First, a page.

The Federal Communications Commission is reminding U.S. broadcasters and other EAS participants of their obligations to comply with the Emergency Alert System rules, including ensuring that alerts are accessible to persons with disabilities.
“In reporting on the most recent national level test of the EAS, the FCC’s Public Safety and Homeland Security Bureau noted improvements in key areas, but identified several issues that impair dissemination of EAS messages,” the Enforcement Bureau stated in a five-page published advisory.
“The 2019 Nationwide EAS Test Report noted, for instance, that EAS Participants must ensure that messages comply with the FCC’s requirements designed to make the message accessible to individuals with hearing and vision disabilities.”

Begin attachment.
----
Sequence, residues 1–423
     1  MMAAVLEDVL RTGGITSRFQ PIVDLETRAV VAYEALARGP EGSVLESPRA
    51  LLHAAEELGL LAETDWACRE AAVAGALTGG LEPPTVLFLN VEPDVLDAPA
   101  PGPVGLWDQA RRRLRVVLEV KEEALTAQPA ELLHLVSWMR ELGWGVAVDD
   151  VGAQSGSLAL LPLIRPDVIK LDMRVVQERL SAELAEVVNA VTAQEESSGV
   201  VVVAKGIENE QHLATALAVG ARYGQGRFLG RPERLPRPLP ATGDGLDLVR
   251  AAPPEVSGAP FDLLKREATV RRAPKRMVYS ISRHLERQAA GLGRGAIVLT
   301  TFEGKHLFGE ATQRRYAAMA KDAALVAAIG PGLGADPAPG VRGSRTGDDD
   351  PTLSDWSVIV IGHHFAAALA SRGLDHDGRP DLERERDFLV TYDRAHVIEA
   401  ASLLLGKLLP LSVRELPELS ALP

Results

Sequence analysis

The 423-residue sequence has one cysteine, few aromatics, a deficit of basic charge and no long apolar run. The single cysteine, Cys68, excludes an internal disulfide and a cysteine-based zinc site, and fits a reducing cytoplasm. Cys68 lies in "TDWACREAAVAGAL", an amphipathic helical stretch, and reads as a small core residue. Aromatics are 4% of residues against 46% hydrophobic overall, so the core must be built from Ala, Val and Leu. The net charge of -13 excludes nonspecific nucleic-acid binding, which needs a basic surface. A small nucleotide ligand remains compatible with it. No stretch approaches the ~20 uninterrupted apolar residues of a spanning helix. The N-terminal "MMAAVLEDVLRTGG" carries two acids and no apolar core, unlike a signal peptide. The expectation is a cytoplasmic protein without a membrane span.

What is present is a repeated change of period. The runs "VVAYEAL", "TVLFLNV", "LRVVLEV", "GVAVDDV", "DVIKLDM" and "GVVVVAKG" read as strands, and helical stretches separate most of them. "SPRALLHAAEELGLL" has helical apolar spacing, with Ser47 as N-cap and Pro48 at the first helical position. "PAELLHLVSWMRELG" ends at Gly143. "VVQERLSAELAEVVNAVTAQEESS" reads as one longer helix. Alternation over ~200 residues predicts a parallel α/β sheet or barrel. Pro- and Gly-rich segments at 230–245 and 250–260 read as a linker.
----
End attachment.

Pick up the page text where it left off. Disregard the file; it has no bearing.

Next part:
The document reminded stations and other to upgrade their EAS software and firmware to the most recent versions; change default passwords; secure EAS equipment behind good firewalls; and synch EAS equipment clocks to the National Institute of Standards and Technology if the gear doesn’t automatically synchronize via the internet.
EAS participants also need to understand their role in the broadcast-based distribution architecture of the EAS, for instance what it means if you have a “participating national” designation. They need to know how to monitor multiple sources to ensure redundancy and reduce the possibility of message receipt failures; how to follow up with monitored sources when an EAS message is not received to determine the cause; and how to submit national test results.